Despite the inconvenience, and the scandal over his dalliance with a young intern, the waitress, like many Irish I spoke with, had a favorable opinion of Clinton because of his efforts to secure peace in Northern Ireland.
Ulster, its regional name, covers roughly as much territory as Mobile, Baldwin, Washington and Clarke counties. The entire Irish island is about two-thirds the size of Alabama, with a slightly higher population near 5 million people.
Since an historic peace agreement was signed on Good Friday, 1998, Northern Ireland has made incremental progress — two steps forward, one step back — with a power-sharing government of the Protestant majority and Catholic minority. Violence that plagued the region for the last three decades has eased, but centuries-old mistrust lingers between the two groups.
Still, some view as a sign of progress the lack of bloodshed in an ongoing battle over flying the British flag favored by the Protestant “unionists” or the Irish tricolor of Catholic “republicans.” Their arguments about heritage and oppression sound familiar to debates in the American South about flying the Confederate Battle Flag.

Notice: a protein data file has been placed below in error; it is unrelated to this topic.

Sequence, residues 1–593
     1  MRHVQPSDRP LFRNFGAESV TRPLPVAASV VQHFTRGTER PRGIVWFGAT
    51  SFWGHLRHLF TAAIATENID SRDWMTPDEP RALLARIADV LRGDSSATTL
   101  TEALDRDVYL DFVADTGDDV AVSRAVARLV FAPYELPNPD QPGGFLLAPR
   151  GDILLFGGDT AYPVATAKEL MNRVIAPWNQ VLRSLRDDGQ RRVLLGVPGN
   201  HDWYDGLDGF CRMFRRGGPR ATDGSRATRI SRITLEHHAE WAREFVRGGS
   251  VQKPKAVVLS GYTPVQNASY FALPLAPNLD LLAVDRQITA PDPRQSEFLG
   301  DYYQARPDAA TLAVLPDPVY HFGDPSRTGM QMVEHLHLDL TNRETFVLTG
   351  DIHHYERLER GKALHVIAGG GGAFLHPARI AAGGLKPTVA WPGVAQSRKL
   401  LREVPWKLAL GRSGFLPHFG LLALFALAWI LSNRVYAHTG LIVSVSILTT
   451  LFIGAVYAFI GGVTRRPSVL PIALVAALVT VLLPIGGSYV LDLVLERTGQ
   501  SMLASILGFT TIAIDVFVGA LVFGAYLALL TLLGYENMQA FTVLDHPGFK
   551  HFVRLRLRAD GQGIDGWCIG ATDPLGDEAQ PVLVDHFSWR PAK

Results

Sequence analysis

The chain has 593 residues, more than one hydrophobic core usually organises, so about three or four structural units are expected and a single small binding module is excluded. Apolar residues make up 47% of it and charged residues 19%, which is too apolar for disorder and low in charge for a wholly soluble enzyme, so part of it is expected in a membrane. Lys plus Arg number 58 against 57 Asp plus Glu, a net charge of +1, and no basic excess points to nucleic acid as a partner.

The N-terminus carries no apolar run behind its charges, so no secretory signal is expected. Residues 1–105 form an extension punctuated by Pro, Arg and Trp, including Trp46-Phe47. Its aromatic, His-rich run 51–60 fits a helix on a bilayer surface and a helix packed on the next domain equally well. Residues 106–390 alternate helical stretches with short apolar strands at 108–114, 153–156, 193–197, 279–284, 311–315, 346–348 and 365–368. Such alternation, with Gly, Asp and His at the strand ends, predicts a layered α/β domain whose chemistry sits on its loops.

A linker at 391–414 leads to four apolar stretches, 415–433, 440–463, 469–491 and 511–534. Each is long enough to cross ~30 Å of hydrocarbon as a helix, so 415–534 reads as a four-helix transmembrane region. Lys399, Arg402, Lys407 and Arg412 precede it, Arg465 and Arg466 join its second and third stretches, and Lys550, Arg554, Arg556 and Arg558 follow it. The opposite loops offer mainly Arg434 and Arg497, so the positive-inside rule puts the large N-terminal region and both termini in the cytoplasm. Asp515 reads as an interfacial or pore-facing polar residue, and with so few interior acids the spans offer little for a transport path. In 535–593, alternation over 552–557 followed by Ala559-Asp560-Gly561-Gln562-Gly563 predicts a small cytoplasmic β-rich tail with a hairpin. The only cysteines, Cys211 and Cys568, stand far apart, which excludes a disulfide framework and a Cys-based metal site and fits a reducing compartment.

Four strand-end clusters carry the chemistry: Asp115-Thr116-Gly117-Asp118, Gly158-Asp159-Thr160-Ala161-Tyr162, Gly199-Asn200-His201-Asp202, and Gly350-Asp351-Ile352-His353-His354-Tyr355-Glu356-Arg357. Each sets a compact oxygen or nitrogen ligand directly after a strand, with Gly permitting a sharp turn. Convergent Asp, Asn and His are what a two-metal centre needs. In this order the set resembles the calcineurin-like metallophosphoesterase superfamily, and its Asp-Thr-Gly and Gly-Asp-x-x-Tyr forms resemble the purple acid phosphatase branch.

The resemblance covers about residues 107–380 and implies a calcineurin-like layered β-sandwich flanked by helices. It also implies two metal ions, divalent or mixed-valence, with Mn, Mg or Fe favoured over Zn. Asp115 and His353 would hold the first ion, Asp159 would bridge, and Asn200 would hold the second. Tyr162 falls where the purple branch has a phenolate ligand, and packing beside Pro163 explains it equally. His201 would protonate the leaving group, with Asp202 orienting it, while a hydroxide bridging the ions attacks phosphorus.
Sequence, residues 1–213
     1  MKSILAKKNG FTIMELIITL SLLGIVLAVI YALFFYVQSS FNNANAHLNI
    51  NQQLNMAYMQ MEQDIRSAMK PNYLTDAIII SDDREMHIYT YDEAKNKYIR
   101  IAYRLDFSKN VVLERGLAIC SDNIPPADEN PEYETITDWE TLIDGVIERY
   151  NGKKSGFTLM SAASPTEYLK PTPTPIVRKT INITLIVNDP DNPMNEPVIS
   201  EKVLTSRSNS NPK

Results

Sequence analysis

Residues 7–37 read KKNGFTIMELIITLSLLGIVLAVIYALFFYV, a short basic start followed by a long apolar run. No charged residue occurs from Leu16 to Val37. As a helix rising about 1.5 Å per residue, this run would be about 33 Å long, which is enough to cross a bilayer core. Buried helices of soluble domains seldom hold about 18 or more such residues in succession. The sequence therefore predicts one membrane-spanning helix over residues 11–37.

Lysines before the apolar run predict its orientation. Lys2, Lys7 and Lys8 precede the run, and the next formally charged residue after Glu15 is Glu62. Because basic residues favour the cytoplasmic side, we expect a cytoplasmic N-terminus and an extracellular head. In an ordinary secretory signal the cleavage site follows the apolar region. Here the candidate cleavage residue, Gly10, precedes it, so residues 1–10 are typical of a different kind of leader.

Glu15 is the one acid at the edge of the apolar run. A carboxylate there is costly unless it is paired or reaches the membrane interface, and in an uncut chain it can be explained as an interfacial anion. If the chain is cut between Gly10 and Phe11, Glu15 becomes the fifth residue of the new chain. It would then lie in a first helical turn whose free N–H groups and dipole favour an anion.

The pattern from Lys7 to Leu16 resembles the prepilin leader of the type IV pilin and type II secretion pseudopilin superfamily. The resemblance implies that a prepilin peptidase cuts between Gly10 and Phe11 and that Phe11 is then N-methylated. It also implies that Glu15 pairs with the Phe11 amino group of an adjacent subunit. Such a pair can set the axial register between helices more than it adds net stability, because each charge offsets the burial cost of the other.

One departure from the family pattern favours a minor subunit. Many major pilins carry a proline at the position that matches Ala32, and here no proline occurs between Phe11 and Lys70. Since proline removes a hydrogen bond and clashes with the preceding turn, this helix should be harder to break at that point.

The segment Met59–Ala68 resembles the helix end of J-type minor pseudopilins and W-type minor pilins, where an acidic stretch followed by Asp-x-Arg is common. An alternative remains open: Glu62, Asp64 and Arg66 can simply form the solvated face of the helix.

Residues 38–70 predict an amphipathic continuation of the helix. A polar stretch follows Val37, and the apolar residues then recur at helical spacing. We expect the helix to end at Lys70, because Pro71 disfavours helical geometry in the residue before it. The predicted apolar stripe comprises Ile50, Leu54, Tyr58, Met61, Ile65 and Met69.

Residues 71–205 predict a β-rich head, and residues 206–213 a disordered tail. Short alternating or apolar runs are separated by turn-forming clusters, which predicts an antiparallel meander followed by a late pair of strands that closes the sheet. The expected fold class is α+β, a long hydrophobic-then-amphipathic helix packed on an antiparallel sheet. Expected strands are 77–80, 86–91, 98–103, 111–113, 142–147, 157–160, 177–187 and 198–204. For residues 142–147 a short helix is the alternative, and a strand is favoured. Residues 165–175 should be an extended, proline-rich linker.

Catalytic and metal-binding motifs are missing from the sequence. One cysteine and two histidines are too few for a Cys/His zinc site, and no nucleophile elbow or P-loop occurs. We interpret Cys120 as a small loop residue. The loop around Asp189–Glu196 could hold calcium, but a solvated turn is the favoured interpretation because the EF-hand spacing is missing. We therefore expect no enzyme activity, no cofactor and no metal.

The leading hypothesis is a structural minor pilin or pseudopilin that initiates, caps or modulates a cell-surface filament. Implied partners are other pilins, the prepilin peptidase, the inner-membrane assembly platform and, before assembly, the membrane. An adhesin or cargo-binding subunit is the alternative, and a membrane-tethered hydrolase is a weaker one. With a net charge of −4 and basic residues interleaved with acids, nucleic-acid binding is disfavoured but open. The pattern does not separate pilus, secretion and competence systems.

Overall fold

In the Republic, too, the Irish have plenty of their own political scandals to bother much with Clinton’s indiscretions or illegalities. Recently, the papers were filled with stories that former leader Charles Haughey took kickbacks from developers while in office.
But on the walls of a reception room inside the Dáil, or parliament building, Ireland’s close relationship with the United States is as clear as the photographs of Clinton, Ronald Reagan and John F. Kennedy giving speeches inside the main chamber.
There, a member of the parliament introduced by an Irish journalist, jokingly asked if I’d “come from Alabama with a banjo on my knee.” More flattering, a teen-age school girl at a family reception in Navan, northwest of Dublin, recognized the Mobile Register as the newspaper read by Atticus Finch in “To Kill A Mockingbird.”